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Putting a New Face on a Neighborhood, a Dream at a Time

February 23, 1997|JOSEPH HANANIA | SPECIAL TO THE TIMES

Helen Johnson, 66, thinks South-Central has gotten a bum rap. And she's out to do something about it.

So, she's growing gardens.

She's putting in lights, so neighbors can safely sit in the gardens on hot, summer nights.

She's gotten a stretch of Vermont Avenue repaved.

She's gotten the neighborhood free of graffiti.

And she's gotten the Vermont Square Library--the oldest public library building in the city--not only reopened but rehabilitated, its huge windows squeaky clean, its original woodwork restored from under coats of paint, its study rooms so quiet that a visitor speaking in a whisper is nevertheless hushed for making too much noise.

She's also helped make the central plaza that gives her Vermont Square neighborhood its name safe enough that on a recent afternoon a young mother was teaching her son to walk while a man dozed under a tree, the scene looking like something from an Impressionist painting.

And she's even gotten a memorial--nine magnolia trees--planted to honor nine black soldiers who posthumously received the Medal of Honor for their actions in World War II, when blacks still were not being given military medals.

But most of all, she's given residents who were once barricaded in their homes reason to believe in the future, to hold their heads high as they talk about their homes, their streets and their lives.

*

Indeed, a mere two years ago, the neighborhood association consisted of only three people. It now has 70 to 80 members, who convene at the sparklingly clean conference room beneath the library on the fourth Monday of every month.

And all of this activity is reflected in the way Johnson walks--it is more of a strut, really--around her Vermont Square neighborhood, not merely showing a visitor around her community, but showing off her community.

Her eyes glow; her words tumble one over the other as she describes this project and that; she walks up and down the sidewalks as if they were part of her living room, part of who she is and where she lives.

"If I had to pick one person in the city that I can't say no to, it's Helen," says Los Angeles Mayor Richard Riordan. "She keeps talking until you say yes.

"When I was down there, she got me on the side and mentioned the waste-water drains were causing a flood in the neighborhood. I said I'd take care of it. She said 'When?'

"So, I had people go down right away and fix it," Riordan said with a laugh.

Nor is it only the mayor who has felt the power of Johnson's persuasion. A little more than a year ago, a top Department of Transportation official was in the area, accompanied by then-Metropolitan Transportation Authority chief Joseph Drew and Riordan.

The media were also out in force.

"It was my big opportunity to put in a pitch for filling in the potholes," some of which had been on Vermont Avenue for years and ran so deep that cars had to come to a virtual stop to get around them.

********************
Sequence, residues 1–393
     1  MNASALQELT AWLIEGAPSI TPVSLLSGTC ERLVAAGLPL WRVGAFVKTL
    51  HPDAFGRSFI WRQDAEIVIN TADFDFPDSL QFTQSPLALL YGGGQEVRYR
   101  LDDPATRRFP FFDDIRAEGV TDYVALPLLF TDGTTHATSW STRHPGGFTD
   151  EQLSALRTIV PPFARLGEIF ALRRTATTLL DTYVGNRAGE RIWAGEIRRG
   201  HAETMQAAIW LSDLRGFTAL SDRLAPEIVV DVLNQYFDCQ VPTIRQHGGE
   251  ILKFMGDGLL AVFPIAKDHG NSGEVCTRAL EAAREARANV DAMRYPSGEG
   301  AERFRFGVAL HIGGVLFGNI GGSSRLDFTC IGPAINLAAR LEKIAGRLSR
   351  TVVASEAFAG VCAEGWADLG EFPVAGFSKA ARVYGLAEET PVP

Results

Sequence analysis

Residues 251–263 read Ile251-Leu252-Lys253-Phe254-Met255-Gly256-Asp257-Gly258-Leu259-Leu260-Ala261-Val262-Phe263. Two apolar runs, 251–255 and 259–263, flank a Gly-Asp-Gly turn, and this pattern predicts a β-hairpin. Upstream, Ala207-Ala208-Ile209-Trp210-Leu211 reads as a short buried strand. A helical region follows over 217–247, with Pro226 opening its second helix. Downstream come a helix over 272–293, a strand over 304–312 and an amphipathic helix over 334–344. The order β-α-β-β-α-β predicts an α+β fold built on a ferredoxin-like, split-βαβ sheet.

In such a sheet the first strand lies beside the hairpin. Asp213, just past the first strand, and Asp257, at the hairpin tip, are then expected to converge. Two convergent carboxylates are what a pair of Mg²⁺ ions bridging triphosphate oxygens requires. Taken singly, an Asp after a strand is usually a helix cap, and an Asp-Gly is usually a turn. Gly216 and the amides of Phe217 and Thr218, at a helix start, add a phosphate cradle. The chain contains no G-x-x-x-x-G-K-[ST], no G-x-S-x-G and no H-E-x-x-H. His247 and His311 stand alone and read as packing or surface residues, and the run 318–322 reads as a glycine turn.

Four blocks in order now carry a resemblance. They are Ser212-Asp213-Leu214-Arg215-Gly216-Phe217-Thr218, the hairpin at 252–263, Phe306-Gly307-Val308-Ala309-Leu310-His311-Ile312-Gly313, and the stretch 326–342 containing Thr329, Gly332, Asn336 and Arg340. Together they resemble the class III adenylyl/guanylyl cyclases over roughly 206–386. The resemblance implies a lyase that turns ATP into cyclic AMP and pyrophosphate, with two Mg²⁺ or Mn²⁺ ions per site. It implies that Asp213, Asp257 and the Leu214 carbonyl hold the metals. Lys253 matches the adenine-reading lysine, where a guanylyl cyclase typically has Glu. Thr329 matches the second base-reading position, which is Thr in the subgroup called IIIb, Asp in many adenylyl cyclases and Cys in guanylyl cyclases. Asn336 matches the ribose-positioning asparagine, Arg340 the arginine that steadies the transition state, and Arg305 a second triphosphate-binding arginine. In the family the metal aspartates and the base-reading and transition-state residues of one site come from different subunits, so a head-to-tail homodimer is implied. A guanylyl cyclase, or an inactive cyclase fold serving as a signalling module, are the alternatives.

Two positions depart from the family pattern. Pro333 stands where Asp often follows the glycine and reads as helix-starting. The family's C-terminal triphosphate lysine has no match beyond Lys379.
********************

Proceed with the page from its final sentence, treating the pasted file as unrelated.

The potholes, she told the officials, were caused by a combination of poor street maintenance and the Southern Pacific railroad tracks, which crossed the pavement 6 inches above street level. And, as she conveniently understood it, all of it--the tracks, the potholes, the ruts--fell under the Department of Transportation.

"So, what better time was there to make my pitch?" Johnson asks.

She did--and she got not just the crossing but also an eight-block stretch repaved, as flat and smooth as a black, waxed surfboard.

*

So, who is this human fireball?

No, she's not a professional lobbyist or lawyer. She's a retired janitor from the Santa Monica-Malibu Unified School District.

And when, as she was retiring from her job two years ago, she heard that the $6-million, 30-month Los Angeles Neighborhood Initiative (LANI) was targeting her neighborhood and seven others to improve and beautify transportation-related facilities, she hopped right in as chairwoman for her neighborhood committee.

Johnson has an admittedly unique understanding of transportation-related facilities, which, to her mind, touch just about everything in her neighborhood. But, she explains, "I want no more than any other community in this city. I want the same thing. Give me a good reason why we shouldn't have it."

Nor has her lack of formal credentials, or status as unpaid volunteer, stopped her from using the program to rebuild her neighborhood. Thus, she points to the garden on Vermont Avenue, formerly an abandoned yard strewn with glass and garbage. After learning the finer points of growing plants, she and her neighbors started harvesting celery, cabbages, broccoli, onions and oregano.

With the garden up and running, Johnson surveys a lot immediately in front of it to see where light fixtures should be put in. The extra illumination, she says, will allow residents to come out of their homes at night, to barbecue, to chat and to reclaim their streets.

She discusses the project with a would-be contractor, checks to make sure he has the know-how, and encourages him to make a bid. Then she's off to the local bank.

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